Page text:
The best sales teams are motivated, excited, and constantly finding ways to improve their skills. The moment a sales person gets in a groove is technically the same moment they get stuck in a rut, so it’s critically important for them to keep learning and keep improving.
Of course, the best sales teams are also extremely busy and don’t have the time to read all the latest books, attend the local gatherings and seminars, or even read and share experiences online. In the worst case scenarios, the company might be pushing them so hard to fill quotas that they don’t dare deviate from their standard methodologies to explore different ideas.
What that means is that a lot of sales people prefer their hints, tips, and tricks in more bite-sized chunks. With that in mind, this article from the Salesforce hit that sweet spot between quick-fire tips and having enough information to be relevant to a range of situation.
The original article features 62 sales tips and quotes from sales leaders in a variety of industries, and, of them, these seven seemed particularly interesting and worth a further look.
- “Lead to what makes you unique, not with what makes you unique.” – Matt Dixon, Co-Author of “The Challenger Sale
This seems like a very fine line, but there is a really important difference here. Think of it like this: if you lead with the things that make you unique, you’re asking the prospect to take you at your word. When you lead to it, you’re starting on common ground – things you both know and accept – and then providing quantifiable facts and proofs along the way so when you reach your unique value proposition, it will have much more weight.
- “80 percent of prospects who eventually buy are originally marked as bad leads. Don’t totally count them out.” – Atri Chatterjee, CMO at Act-On Software
Sometimes “bad” is just a matter of timing. Maybe the lead wasn’t quite ready yet. Maybe they misunderstood what the offer was. Maybe the budget was under review at the time. Maybe the original contact was just having a really bad day and came off a little abrupt. There could be any number of reasons why it was a bad lead at the time. Maybe times have changed.
- “Salespeople today are the differentiator. That’s why it’s so critical for you to focus on becoming a valuable business asset to your customers.” – Jill Konrath, Author of “SNAP Selling” and “Selling to BIG Companies”
The sales people are responsible for a large portion of the customer’s first impression, and have the opportunity to make your company stand out. A lot of businesses may offer similar products or services, but your sales team has the potential to build the kind of relationships with individual customers that last for years.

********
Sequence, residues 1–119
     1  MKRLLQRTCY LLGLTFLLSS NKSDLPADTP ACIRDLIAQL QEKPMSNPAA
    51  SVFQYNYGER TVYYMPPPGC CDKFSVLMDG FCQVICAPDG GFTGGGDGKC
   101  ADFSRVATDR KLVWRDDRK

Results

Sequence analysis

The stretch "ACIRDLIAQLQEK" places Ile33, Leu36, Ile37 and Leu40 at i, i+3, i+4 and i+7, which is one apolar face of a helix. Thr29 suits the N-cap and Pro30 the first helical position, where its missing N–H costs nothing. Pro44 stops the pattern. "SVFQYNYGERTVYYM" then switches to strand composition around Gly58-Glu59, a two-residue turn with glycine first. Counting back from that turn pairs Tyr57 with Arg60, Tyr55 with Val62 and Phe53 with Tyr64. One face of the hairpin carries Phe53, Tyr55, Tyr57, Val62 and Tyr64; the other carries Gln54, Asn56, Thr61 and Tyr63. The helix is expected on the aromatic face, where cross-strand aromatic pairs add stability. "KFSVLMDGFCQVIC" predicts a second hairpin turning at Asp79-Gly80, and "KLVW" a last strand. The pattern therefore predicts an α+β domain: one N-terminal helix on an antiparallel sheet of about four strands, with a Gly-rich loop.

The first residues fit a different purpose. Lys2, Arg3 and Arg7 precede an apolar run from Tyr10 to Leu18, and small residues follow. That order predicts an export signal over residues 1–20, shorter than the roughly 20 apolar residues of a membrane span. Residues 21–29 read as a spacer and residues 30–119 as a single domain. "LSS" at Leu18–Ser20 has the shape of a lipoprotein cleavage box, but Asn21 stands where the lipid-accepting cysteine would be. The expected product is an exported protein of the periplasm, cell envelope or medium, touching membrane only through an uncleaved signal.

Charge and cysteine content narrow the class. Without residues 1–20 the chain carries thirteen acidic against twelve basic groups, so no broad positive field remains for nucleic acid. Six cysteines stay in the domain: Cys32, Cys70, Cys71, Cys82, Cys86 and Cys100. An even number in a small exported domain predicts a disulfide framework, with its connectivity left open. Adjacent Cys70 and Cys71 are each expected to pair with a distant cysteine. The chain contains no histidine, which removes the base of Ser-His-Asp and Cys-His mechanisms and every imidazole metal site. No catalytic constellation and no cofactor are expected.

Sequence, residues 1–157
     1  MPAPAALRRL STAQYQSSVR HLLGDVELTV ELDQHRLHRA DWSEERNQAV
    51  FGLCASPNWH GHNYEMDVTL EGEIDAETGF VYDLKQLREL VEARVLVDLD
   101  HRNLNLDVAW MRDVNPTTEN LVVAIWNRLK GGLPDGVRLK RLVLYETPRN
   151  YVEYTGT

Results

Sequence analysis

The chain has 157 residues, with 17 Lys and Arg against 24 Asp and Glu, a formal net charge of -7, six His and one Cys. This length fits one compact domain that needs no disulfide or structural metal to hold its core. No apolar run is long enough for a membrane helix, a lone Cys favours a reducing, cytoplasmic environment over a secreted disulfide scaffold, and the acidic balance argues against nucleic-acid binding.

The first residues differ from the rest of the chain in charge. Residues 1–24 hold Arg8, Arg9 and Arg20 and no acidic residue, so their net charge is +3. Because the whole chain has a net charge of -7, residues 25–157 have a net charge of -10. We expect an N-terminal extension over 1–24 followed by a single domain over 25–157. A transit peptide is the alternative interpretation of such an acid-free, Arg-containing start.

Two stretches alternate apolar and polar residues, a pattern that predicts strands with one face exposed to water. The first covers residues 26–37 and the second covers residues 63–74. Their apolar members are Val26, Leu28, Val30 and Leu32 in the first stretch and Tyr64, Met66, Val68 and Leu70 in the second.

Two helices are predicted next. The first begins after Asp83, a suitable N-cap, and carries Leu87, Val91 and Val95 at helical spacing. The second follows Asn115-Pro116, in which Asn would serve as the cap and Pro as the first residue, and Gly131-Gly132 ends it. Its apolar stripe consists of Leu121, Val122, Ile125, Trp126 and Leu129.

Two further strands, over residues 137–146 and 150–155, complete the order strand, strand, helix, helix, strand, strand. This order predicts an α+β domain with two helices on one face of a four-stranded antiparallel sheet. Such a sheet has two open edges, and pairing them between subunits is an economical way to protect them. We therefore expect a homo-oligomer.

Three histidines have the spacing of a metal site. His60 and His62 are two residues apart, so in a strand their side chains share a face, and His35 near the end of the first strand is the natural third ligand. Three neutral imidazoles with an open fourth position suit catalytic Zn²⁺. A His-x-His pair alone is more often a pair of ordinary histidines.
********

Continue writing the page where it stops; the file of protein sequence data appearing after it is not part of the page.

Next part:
- “You know you are running a modern sales team when selling feels more like the relationship between a doctor and a patient and less like a relationship between a salesperson and a prospect.” – Mark Roberge, SVP Sales and Services at HubSpot
People generally understand that when they go to the doctor they need to be direct and clear as they describe their problems and concerns. When the doctor prescribes the treatment, the patients listen and don’t say things like: “that sounds okay, but maybe I can get a better deal around the holidays.” Your sales team can fill that role in the business world. They can be the people who your potential clients trust to provide the right solution.
- “The No. 1 key to success in today’s sales environment is speed. The salesperson who delivers the most valuable information to their customer or prospect first, wins the game.” – Dave Orrico, VP of Enterprise Sales at InsideSales.com
Second place is just a fancy word for losing. It’s sad but true. If you’re second with the information your potential customers want, they won’t have any reason to work with you. It’s critical that you give the right information at the right time.
- “Be an example. Are you prompt? Are you professional? Are you engaged? As sales leaders, we have to set the bar high for ourselves as well as our teams.” – Lori Richardson, CEO & Founder of Score More Sales
If you seem utterly disinterested in your products, services, and sales process, then your team is going to feel the same way. If you want to build up a strong sales team, then it has to be clear that they are your number one priority. Set the tone and example you expect them to follow.
- ” Delivery of your value statement should take no more than 15 to 20 seconds — generally less.” – Dave Hibbard, Co-Author of “SOAR Selling”
Embrace brevity. Be clear. Be direct. Your value statement shouldn’t require anyone to ever say: “Now let me explain what that means.”
Building a better sales team takes a lot of time and effort, but, in the end, your company will benefit from it. There’s a lot to learn from sales leaders in different industries, so take a look at some of their tips (there’s another 55 on the Salesforce blog post) and discover new ways to up your game.